Presumptive Democratic presidential nominee Hillary Clinton was in Springfield, Ill., Wednesday where she sought to use the symbolism of a historic landmark to draw parallels to a present-day America that is in need of repairing deepening racial and cultural divides.

The Old State Capitol — where Abraham Lincoln delivered his famous "A house divided" speech in 1858 warning against the ills of slavery and where Barack Obama launched his presidential bid in 2007 — served as the backdrop for Clinton as she spoke of how "America's long struggle with race is far from finished."

Episode 711: Hooked on Heroin

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When we meet the heroin dealer called Bone, he has just shot up. He has a lot to say anyway. He tells us about his career--it pretty much tracks the evolution of drug use in America these past ten years or so. He tells us about his rough past. And he tells us about how he died a week ago. He overdosed on his own supply and his friend took his body to the emergency room, then left.

New British Prime Minister Theresa May announced six members of her Cabinet Wednesday.

Amid a sweeping crackdown on dissent in Egypt, security forces have forcibly disappeared hundreds of people since the beginning of 2015, according to a new report from Amnesty International.

It's an "unprecedented spike," the group says, with an average of three or four people disappeared every day.

The Republican Party, as it prepares for its convention next week has checked off item No. 1 on its housekeeping list — drafting a party platform. The document reflects the conservative views of its authors, many of whom are party activists. So don't look for any concessions to changing views among the broader public on key social issues.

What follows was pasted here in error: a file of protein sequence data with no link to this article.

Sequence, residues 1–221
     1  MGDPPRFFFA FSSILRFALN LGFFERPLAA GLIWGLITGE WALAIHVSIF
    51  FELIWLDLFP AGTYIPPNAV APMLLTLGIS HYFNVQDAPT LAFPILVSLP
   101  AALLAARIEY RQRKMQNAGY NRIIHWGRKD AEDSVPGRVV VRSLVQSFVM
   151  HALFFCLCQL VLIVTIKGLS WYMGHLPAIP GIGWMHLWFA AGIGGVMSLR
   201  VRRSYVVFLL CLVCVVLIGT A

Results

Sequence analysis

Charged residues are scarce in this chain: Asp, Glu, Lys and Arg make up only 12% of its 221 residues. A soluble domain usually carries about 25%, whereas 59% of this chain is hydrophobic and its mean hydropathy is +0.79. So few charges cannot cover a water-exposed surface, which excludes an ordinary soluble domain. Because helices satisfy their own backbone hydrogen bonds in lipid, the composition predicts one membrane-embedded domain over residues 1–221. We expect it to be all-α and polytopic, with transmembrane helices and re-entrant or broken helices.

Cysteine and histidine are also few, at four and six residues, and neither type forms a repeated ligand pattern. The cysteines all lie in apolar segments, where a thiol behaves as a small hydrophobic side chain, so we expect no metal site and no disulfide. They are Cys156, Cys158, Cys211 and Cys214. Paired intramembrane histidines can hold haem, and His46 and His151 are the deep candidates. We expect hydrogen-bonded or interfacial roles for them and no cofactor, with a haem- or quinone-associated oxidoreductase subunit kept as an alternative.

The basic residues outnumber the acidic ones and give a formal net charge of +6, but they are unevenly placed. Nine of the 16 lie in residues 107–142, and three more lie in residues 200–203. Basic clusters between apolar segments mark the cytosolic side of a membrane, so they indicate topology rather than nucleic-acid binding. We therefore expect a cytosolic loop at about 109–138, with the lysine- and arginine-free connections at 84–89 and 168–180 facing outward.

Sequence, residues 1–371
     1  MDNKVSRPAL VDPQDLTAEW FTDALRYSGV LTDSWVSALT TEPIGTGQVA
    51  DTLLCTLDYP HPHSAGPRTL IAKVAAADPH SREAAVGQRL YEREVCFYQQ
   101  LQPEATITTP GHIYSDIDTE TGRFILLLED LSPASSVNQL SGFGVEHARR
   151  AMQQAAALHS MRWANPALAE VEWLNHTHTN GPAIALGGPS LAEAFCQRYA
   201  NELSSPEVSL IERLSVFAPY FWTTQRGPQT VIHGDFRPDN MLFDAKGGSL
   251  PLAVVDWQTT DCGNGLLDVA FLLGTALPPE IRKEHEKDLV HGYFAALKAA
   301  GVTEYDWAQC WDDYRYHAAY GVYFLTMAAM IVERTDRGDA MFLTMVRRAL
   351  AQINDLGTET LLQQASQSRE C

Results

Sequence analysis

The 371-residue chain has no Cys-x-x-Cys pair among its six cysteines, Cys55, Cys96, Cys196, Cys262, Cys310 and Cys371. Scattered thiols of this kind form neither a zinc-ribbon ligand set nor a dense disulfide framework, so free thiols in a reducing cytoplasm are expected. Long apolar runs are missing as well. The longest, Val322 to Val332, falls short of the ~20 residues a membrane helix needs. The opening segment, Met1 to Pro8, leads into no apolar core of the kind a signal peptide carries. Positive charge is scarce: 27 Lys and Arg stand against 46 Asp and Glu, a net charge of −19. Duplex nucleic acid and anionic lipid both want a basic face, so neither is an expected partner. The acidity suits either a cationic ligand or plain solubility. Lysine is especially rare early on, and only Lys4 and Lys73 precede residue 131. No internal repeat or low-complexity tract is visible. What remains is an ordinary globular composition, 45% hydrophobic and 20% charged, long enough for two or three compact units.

Many public figures who took to Twitter and Facebook following the murder of five police officers in Dallas have faced public blowback and, in some cases, found their employers less than forgiving about inflammatory and sometimes hateful online comments.

As Venezuela unravels — with shortages of food and medicine, as well as runaway inflation — President Nicolas Maduro is increasingly unpopular. But he's still holding onto power.

"The truth in Venezuela is there is real hunger. We are hungry," says a man who has invited me into his house in the northwestern city of Maracaibo, but doesn't want his name used for fear of reprisals by the government.

The wiry man paces angrily as he speaks. It wasn't always this way, he says, showing how loose his pants are now.

Ask a typical teenage girl about the latest slang and girl crushes and you might get answers like "spilling the tea" and Taylor Swift. But at the Girl Up Leadership Summit in Washington, D.C., the answers were "intersectional feminism" — the idea that there's no one-size-fits-all definition of feminism — and U.N. climate chief Christiana Figueres.

Copyright 2016 NPR. To see more, visit http://www.npr.org/.

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Art Spiegelman Reflects On 60 Years Of Pen And Ink

Sep 14, 2013
Originally published on September 14, 2013 11:28 am

It's axiomatic now that comics have gone from being kids' stuff to, in some cases, adults only. These days, comics are recognized as a real artistic form, one that can be complex, subtle, pointed, probing and profane.

One of the artists most responsible for this is Art Spiegelman, who drew for Topps Bubble Gum comics, invented the Garbage Pail Kids, created a character who was all head, no body, for Playboy and won the Pulitzer Prize for Maus, his Holocaust comic — a phrase that was once unfathomable.